Aeschines, Speeches (English) (XML Header) [genre: prose; rhetoric] [word count] [Aeschin.].
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Furthermore, I will show you that the proclamation of the crown, as proposed in his decree, is to be made in an illegal manner. For the law expressly commands that if the Senate confer a crown, the crown shall be proclaimed in the senate-house, and if the people confer it, in the assembly, “and nowhere else.” Read me the law.Law


This, fellow citizens, is an excellent law. For it seems that it was the idea of the lawgiver that the public man ought not to be thinking of outsiders as he receives his honors, but to be well content with honor received in the city itself and from the people; and that he ought not to treat such proclamations as a source of revenue. So thought the lawgiver. But Ctesiphon how? Read his decree.Decree


You hear, fellow citizens, how the lawgiver commands that the man who is crowned by the people be proclaimed among the people, on the Pnyx, at a meeting of the assembly, “and nowhere else”; but Ctesiphon, in the theater—not only overriding the laws but also changing the place; not when the Athenians are in assembly, but when tragedies are being performed; not in the presence of the people, but in the presence of the Hellenes, that they also may know what sort of man we honor.


Having, then, made a motion that is so manifestly illegal, he will call Demosthenes as his ally and bring up the artifices of rhetoric for the assault on the laws. These tricks I will reveal and of these I will forewarn you, lest you be taken unawares and deceived.

They will not be able to deny that the laws forbid the man who is crowned by the people to be proclaimed outside the assembly, but they will present for their defence the Dionysiac law, and will use a certain portion of the law, cheating your ears.


For they will offer a law that has nothing to do with this case, and will say that the city has two laws governing proclamations: one, the law that I now offer in evidence, which expressly forbids the man who is crowned by the people to be proclaimed outside the assembly; but they will say that there is another law, contradictory to this, and that that law has given authority for the proclamation of the crown at the time of the tragedies in the theater, “if the people vote.” And so they will say that it is in accordance with that law that Ctesiphon has made his motion.


Now against their tricks I will introduce your own laws as my advocates, as indeed I earnestly try to do throughout this whole prosecution. For if what they say is true, and such a custom has crept into your government that invalid laws stand written among the valid, and that there exist two laws concerning one and the same action, which contradict each other, how could any man longer call this a “government,” if in it the laws command to do and not to do one and the same thing?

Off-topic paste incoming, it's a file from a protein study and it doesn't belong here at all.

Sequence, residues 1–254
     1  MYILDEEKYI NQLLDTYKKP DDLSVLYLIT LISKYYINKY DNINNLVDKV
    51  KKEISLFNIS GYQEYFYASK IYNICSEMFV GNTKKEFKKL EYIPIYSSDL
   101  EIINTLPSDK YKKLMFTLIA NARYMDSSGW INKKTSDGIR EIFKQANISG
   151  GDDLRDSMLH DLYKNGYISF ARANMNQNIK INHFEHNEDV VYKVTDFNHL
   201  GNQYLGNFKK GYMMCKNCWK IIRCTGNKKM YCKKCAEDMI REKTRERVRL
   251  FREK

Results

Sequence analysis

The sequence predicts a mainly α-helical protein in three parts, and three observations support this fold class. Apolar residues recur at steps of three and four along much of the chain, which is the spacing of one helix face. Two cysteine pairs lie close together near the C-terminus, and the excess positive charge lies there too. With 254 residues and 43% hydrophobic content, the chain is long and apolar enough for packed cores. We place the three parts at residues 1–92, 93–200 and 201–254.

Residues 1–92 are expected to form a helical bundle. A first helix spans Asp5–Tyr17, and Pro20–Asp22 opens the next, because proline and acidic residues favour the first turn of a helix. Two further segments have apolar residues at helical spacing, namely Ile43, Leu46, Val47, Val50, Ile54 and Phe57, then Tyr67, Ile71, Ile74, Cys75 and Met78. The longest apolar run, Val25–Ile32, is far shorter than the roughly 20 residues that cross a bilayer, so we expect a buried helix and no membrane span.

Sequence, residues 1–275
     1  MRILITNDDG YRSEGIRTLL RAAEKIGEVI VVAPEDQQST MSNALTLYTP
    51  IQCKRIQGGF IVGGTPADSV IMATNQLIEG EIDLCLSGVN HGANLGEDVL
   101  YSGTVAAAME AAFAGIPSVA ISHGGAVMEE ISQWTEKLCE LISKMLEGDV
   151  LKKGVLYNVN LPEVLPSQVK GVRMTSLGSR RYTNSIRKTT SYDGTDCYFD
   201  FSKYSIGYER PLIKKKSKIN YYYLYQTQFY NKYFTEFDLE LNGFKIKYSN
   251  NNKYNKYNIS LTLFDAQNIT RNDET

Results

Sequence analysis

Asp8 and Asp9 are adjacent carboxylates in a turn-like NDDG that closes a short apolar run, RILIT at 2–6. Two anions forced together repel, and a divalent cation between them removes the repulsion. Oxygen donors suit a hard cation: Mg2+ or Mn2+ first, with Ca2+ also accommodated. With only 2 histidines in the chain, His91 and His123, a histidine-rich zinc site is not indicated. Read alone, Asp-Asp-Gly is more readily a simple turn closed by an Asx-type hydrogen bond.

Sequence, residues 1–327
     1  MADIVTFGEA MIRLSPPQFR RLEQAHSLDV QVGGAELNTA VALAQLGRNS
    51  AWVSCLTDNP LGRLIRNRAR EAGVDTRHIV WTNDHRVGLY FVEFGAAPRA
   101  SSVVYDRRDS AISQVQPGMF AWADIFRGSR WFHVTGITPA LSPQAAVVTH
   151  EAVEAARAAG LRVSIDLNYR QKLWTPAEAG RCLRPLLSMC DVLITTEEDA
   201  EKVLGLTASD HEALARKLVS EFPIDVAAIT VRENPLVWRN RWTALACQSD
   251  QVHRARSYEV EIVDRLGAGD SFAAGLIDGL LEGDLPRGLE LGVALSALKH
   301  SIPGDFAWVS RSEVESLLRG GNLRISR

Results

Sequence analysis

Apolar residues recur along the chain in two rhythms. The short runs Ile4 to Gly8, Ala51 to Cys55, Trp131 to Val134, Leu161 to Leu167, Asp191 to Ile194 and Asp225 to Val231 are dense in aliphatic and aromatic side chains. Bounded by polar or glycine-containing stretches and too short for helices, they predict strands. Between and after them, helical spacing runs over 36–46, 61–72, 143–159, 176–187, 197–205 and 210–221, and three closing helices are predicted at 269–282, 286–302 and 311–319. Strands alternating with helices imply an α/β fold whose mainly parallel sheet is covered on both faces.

But that is not the case. May you never reach the point where your laws are in such disorder as that! Nor was the lawgiver who established the democracy guilty of such neglect; he has expressly laid upon the Thesmothetae [Note] the duty of making an annual revision of the laws in the presence of the people, prescribing sharp investigation and examination, in order to determine whether any law stands written which contradicts another law, or an invalid law stands among the valid, or whether more laws than one stand written to govern each action.


And if they find such a thing, they are required to write it out and post it on bulletins in front of the Eponymi; [Note] and the prytanes are required to call a meeting of the assembly, writing at the head of the call, “For Nomothetae”; [Note] and the chairman of the presiding officers must submit to vote [Note] the question of the removal of one set of laws and the retention of the other, in order that for each action there may be one law and no more. Please read the laws.Laws


If now, fellow citizens, what they assert were true, and two laws had been in force governing proclamations, I think the Thesmothetae would necessarily have searched them out, and the prytanes would have referred them to the Nomothetae, and one or the other of the two laws would have been repealed, either the law that gave authority for the proclamation, or the law that forbade it. But seeing that no such thing has been done, surely what they say is demonstrated to be, not only false, but absolutely impossible.


But I will show you where they get this false assertion. First, however, I will tell the reason why the laws governing the proclamations in the theater were enacted. It frequently happened that at the performance of the tragedies in the city proclamations were made without authorization of the people, now that this or that man was crowned by his tribe, now that others were crowned by the men of their deme, while other men by the voice of the herald manumitted their household slaves, and made all Hellas their witness;

Aeschines, Speeches (English) (XML Header) [genre: prose; rhetoric] [word count] [Aeschin.].
<<Aeschin. 3.27 Aeschin. 3.36 (Greek) >>Aeschin. 3.45

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